Imagine you are one of Jesus’ disciples (well, actually, you are) that fateful night of his betrayal. We’ve just finished our Passover meal, sung a hymn, and are now walking out into the cool evening. Jesus has washed our feet, tied the implications of Passover to his sacrifice, we’ve enjoyed conversation, and now, walking out into the garden, Jesus tells us that we will desert him before the night is over. How would you feel after an enjoyable evening with friends if one of them notes that before the evening is over you will bail on your friendship with them?
I think I’d be shocked, miffed, and a bit confused. “What are you saying?” “How could you think that?” Adding to the confusion, your friend then refers to an obscure passage from a prophesy that isn’t really related to the situation just to illustrate his point! “Say what?” One of us, there’s always at least one, finds his voice, and throws the rest of us under the table saying, “Even if everyone else deserts you, I won’t.” “Seriously,” replies Jesus, “before the midnight chime, you will have denied me three times.” Undeterred and a bit emboldened, our outspoken friend pushes his point. “In the unlikely event things turn really bad, I’d rather die than betray you!” Of course, not wanting to look bad, we clamor to declare our loyalty as well.
Not long after our declaration of loyalty, we find ourselves in Gethsemane where Jesus asks us to take a break so he can pray. Three of our number walk a little way further with him and the rest of us wait. Apparently, we all fall asleep–it has been a long day, after all. Clearly distressed, Jesus asks Peter, “can’t you even stay awake for an hour to pray with me?” Implying that if Peter (and the rest of us) would willingly die we could at least stay awake to pray. But we can’t. While our spirit may be willing, clearly our flesh is weak. At this point, are you feeling guilty, confused, put out with him for asking you to stay awake? I think I would feel a bit bored just sitting and waiting. Yet, our friend gets it. It grieves him, but he knows we are dusty and continues to invite our participation in his grief and cry out to Abba.
In the end, we all leave eventually finding ourselves huddled in someone’s house with the door locked because… we are afraid. What are we talking about? Are we accusing each other for bailing, licking our wounds, confused and troubled by the awful turn of events that have left us cowering in hiding? I’m guessing our loyalty is not even a topic of discussion. And I doubt we are talking about his deep love for us. How could he? We abandoned him to a cruel outcome. Isn’t it a little bit on us that he died? What kind of friends and followers are we, anyway?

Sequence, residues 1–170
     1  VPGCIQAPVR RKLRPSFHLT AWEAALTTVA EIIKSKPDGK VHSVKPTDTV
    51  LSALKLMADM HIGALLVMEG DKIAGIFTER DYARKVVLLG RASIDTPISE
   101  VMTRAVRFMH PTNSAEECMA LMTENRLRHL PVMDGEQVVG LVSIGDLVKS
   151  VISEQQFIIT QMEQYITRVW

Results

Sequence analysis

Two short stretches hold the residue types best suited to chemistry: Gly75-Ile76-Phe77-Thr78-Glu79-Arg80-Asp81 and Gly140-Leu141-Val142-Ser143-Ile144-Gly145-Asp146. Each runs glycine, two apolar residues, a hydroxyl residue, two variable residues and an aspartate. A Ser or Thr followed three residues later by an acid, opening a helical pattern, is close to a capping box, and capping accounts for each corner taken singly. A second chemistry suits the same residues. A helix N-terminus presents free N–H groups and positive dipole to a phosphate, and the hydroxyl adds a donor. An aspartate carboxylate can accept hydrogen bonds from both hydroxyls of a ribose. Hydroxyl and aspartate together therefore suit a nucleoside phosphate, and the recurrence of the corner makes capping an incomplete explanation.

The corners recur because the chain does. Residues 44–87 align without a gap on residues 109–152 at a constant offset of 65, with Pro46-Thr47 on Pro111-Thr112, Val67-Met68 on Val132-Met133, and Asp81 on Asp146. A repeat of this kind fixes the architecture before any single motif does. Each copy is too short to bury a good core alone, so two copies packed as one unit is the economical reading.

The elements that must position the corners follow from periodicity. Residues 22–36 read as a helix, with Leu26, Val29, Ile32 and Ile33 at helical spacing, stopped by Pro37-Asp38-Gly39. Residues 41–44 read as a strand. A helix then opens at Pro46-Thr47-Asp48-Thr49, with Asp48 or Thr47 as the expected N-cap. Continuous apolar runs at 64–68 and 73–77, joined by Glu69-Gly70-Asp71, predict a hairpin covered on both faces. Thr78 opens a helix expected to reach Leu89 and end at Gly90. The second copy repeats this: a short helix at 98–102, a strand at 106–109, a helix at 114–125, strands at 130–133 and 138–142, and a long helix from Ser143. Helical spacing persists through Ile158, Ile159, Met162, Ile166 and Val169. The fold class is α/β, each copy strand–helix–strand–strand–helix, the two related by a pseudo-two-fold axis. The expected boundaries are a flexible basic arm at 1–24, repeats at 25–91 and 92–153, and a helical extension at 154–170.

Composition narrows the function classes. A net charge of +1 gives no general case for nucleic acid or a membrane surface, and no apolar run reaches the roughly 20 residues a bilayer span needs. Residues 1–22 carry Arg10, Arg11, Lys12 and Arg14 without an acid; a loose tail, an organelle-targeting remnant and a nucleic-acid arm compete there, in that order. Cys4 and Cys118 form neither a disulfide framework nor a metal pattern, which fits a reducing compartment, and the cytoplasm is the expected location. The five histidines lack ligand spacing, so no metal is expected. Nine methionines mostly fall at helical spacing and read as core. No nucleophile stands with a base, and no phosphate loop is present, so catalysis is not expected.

On Sunday morning we get yet another glimpse of his great love when he calls us brothers to Mary Magdalene. (John 20:17) Even more significantly for Peter, Mark’s version of this story includes the words, “and Peter also… ”. The angel makes sure Peter knows he is included and wanted too.
What must that have been like for Peter to know he is wanted? And what about us, for that matter? We abandoned him too. How does it feel knowing he still calls you brother/sister even after you preferred yourself over him?
by Nannie R. Glass
Sin soon will crucify our Lord,
Thy sin, and all the world’s beside.
He gave himself, the Living Word,
Our shelter from God’s wrath to hide.
Had all the seraphs pens to write
Such love upon the boundless sky,
Angelic powers could not indite
Its greatness while the ages fly.
The hour is hastening. God has willed
That Christ should through his own decree
Abolish death and have fulfilled
Our blood-bought immortality.
And when the awful tomb he rent,
When freed from every earthly thrall,
“Tell Peter” was the message sent;
“Tell Peter”-’tis love’s tender call.
Peter was martyr to his faith;
His rock, God’s son whom he denied;
This faith the key that unlocks death
To realms where joy and peace abide.
“Tell Peter!” Honey drops of love,
Awaking all the choirs of heaven!
“Tell Peter”-angels from above
Shout, “Hear, O earth, and be forgiven!”